On the grounds of drug-related charges, Sen. Leila de Lima was arrested on Feb. 25, the 31st anniversary of the EDSA People Power Revolution.
The coincidence of these two events brings intriguing questions: was there an irony in the situation? Was the arrest a subtle political move to silence Sen. De Lima who is a notable critic of the current administration’s war on drugs? Did the arrest of Sen. De Lima directly oppose the historical essence of the Philippine Revolution of 1986?
A pattern can be traced back to Emilio Aguinaldo’s administration, when prospective threats to Aguinaldo’s power such as Andres Bonifacio and Gen. Antonio Luna were executed by their own countrymen. While the late president’s involvement was never proven, many historians through the years gathered evidence that strongly suggest its truth.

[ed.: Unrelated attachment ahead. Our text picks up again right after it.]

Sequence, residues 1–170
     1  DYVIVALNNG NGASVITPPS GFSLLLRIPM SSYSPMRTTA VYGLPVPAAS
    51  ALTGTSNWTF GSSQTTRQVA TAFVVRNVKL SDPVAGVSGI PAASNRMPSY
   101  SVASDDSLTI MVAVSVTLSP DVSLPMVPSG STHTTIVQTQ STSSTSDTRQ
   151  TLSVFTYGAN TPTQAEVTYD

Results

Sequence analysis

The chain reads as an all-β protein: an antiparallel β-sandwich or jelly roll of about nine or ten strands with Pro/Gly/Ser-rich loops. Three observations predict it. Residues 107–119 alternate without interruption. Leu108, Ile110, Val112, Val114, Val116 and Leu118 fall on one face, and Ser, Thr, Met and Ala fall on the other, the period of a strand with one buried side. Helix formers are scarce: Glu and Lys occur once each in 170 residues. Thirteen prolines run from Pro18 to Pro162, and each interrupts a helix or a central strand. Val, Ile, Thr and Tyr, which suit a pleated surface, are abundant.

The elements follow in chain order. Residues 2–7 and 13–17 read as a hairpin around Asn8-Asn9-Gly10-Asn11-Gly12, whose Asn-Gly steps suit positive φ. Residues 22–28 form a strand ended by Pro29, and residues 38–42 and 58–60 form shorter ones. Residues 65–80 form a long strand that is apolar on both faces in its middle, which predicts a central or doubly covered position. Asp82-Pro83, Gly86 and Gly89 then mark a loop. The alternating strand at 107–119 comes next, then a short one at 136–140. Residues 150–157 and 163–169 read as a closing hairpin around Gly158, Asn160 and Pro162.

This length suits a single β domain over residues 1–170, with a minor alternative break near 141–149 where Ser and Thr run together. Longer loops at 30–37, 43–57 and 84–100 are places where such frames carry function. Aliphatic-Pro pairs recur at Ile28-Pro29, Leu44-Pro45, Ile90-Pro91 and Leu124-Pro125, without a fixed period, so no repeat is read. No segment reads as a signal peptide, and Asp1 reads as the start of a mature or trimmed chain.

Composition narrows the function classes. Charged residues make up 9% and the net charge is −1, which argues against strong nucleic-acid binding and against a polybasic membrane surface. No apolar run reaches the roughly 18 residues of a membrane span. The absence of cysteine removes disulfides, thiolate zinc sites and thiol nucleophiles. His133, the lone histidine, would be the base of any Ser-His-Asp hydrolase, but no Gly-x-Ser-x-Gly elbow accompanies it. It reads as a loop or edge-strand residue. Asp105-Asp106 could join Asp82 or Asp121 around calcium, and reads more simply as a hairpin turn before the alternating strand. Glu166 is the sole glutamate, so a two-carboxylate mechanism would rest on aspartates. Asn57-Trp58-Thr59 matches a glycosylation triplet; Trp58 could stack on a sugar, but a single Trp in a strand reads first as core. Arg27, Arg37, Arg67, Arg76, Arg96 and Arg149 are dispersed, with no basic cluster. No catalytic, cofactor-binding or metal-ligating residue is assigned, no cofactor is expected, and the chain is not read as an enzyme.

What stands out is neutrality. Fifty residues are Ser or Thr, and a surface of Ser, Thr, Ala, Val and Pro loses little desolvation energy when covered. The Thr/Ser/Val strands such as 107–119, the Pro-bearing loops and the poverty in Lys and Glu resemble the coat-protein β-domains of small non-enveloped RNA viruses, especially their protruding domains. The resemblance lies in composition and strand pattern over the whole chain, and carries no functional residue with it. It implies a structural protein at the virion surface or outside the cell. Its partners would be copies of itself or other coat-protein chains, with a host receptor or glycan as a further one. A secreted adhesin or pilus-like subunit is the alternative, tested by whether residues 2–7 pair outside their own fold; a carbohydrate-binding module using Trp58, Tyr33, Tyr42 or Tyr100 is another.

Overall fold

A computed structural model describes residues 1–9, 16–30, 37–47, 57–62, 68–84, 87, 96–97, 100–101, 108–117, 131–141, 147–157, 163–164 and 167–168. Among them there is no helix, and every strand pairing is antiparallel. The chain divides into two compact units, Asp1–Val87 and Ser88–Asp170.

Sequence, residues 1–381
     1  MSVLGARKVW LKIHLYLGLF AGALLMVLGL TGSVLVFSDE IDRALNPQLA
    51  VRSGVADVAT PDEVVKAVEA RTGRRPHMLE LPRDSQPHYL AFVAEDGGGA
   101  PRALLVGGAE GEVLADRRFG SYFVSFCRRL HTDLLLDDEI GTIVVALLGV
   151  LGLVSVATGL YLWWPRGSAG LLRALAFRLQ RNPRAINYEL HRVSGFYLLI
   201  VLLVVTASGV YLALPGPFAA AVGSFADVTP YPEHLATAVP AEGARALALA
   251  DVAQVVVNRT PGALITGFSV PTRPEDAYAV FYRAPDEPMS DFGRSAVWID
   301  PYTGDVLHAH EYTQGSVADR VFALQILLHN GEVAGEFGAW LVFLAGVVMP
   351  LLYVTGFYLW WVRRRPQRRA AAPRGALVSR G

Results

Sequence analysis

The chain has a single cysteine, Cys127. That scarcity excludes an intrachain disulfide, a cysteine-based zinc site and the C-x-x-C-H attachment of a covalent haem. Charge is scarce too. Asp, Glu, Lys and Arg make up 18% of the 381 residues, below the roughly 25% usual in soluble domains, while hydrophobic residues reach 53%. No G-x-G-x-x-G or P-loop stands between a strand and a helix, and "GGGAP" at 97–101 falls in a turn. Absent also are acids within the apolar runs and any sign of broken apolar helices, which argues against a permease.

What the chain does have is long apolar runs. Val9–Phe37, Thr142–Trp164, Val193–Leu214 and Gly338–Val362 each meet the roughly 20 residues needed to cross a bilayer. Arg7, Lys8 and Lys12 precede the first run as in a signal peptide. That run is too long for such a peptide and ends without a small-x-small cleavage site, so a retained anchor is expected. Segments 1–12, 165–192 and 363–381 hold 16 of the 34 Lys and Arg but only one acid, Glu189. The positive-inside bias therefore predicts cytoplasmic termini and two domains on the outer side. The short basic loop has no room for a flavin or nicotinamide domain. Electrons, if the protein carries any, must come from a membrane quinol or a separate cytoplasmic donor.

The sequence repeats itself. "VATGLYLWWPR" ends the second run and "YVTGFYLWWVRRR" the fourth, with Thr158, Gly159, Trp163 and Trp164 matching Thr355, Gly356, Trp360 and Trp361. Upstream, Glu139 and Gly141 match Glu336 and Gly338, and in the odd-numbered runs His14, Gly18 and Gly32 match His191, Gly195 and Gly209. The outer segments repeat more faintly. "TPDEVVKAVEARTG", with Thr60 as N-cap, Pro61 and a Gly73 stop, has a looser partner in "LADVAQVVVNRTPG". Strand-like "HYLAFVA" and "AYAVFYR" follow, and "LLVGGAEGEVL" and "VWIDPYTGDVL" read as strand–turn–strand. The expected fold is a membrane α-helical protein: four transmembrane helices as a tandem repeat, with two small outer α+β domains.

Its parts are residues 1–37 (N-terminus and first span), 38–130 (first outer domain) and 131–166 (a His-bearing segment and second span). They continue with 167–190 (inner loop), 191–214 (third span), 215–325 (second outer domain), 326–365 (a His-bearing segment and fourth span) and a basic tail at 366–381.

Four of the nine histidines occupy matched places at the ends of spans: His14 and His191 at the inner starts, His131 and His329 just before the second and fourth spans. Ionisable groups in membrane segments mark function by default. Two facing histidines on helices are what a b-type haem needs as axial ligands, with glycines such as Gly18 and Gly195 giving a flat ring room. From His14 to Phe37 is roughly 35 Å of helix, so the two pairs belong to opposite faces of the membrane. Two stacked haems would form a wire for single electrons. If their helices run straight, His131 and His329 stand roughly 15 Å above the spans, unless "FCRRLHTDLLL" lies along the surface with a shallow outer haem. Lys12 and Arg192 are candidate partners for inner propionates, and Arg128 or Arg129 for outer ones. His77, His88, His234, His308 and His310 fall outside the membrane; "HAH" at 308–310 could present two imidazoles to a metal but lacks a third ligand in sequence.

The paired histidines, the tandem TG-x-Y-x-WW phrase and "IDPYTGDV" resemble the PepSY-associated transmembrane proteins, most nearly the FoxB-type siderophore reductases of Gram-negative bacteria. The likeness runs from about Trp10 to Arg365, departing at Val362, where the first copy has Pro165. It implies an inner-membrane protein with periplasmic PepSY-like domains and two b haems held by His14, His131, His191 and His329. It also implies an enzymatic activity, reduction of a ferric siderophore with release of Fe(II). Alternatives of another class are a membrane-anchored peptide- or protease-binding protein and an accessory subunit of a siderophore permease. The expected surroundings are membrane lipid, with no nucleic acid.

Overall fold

This behavior was even more strongly exhibited during the Marcos regime when journalists, politicians, authors, and many others who had publicly criticized the administration mysteriously ended up missing or dead.
While to make suspicions that Sen. De Lima is a political prisoner based on mere patterns is fallacious, the situation on its own strongly appears to send a message from the Duterte administration that those who dare express political dissent will be gravely punished. Essentially, this impression is a threat to the idea of democracy.
For the Filipino people, it is important to always be vigilant. We must never be apathetic nor passive when it comes to our country’s welfare. “People power” does not require a revolution for it to be enforced. It simply needs to be perpetually active to deter any evil intentions from the scoundrels in our government.
A dictatorship in a democratically-aligned country is a disease that is difficult to cure. The first step to prevent this disease from ever flourishing, then, would be to know the symptoms.